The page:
This morning, after an amazing brunch in a nearby town, we walked the neighborhood, peering into front gardens, admiring the architecture.  Madame Artiste was the driving force behind the neighborhood's official historic status, and did the architectural survey, so she is full of details.  We walked down the eight flights of stairs to the arroyo, and checked out a terraced back yard, then I turned around to see that the very ordinary concrete steps we had come down, were not so ordinary after all.

I wonder what extraordinary beauty, which person dearly beloved by God I missed asleep on the grass in Santa Monica.  Can I learn to turn around?

Thursday, August 21, 2014

Flying quietly

Burbank Airport
This reflection appeared at on 18 August 2014.

…if you receive my words and treasure my commands
Turning your ear to wisdom, inclining your heart to understanding;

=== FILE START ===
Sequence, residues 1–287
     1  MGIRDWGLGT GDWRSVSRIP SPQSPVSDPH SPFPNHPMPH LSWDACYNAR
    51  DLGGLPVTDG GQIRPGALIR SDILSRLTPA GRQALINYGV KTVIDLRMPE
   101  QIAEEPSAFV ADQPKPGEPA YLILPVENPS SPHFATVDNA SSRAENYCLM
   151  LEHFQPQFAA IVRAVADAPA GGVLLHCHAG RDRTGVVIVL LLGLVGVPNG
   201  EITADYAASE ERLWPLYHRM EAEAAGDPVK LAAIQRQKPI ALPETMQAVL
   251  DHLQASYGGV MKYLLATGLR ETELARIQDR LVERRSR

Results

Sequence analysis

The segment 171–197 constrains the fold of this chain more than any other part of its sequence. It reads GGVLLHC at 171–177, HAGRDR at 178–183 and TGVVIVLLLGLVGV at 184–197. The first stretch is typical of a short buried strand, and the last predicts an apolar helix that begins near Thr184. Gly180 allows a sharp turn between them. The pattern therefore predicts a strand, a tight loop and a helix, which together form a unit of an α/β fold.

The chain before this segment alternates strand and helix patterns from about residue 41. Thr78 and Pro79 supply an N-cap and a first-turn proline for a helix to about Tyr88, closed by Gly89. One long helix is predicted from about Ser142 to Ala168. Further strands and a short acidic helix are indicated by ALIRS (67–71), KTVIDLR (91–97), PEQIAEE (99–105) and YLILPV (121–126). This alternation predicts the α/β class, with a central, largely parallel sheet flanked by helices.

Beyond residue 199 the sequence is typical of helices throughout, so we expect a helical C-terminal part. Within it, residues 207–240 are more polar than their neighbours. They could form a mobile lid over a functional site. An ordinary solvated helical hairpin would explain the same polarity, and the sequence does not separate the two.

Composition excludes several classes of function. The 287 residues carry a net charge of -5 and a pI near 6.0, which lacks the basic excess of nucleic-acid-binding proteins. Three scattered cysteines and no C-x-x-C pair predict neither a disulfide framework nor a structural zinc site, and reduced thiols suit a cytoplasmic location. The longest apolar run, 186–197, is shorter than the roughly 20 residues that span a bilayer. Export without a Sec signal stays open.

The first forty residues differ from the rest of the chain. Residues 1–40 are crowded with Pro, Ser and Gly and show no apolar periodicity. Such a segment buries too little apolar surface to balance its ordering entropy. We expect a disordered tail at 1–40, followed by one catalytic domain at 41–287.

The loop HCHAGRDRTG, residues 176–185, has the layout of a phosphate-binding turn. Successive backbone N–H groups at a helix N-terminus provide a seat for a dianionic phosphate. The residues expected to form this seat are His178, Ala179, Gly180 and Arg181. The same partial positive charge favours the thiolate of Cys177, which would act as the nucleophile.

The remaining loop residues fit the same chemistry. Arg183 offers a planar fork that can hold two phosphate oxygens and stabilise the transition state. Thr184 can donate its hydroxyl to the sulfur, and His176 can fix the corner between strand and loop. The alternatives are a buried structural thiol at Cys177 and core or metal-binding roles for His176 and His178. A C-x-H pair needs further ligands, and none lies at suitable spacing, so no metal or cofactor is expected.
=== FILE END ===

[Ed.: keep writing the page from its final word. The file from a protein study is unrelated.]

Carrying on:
If you seek her like silver, and like hidden treasures search her out,
Then will you understand the fear of the Lord; the knowledge of God you will find;
Then you will understand what is right and just, what is fair, every good path;
For wisdom will enter your heart, knowledge will be at home in your soul…

— From the second chapter of the book of Proverbs

About once a month I take a long walk, to a spot at the edge of a field where there is no one within a half-mile of me in any direction. I stand there and listen. To the distant sound of traffic on 422, to the wind stirring in the leaves overhead, to the chitter of cicadas in the summer and the whistling of the cardinals in the winter. To God.

I might be alone in the silence, but these days I’m not alone in my desire to seek it out. Recently there was an article in the Philadelphia Inquirer about the growing popularity of silent retreats, as people seek to escape the noise and frenzy of daily life. While many people today might associate silent meditation retreats with Buddhism or other Eastern traditions, there is a long tradition of silence in Catholicism as well.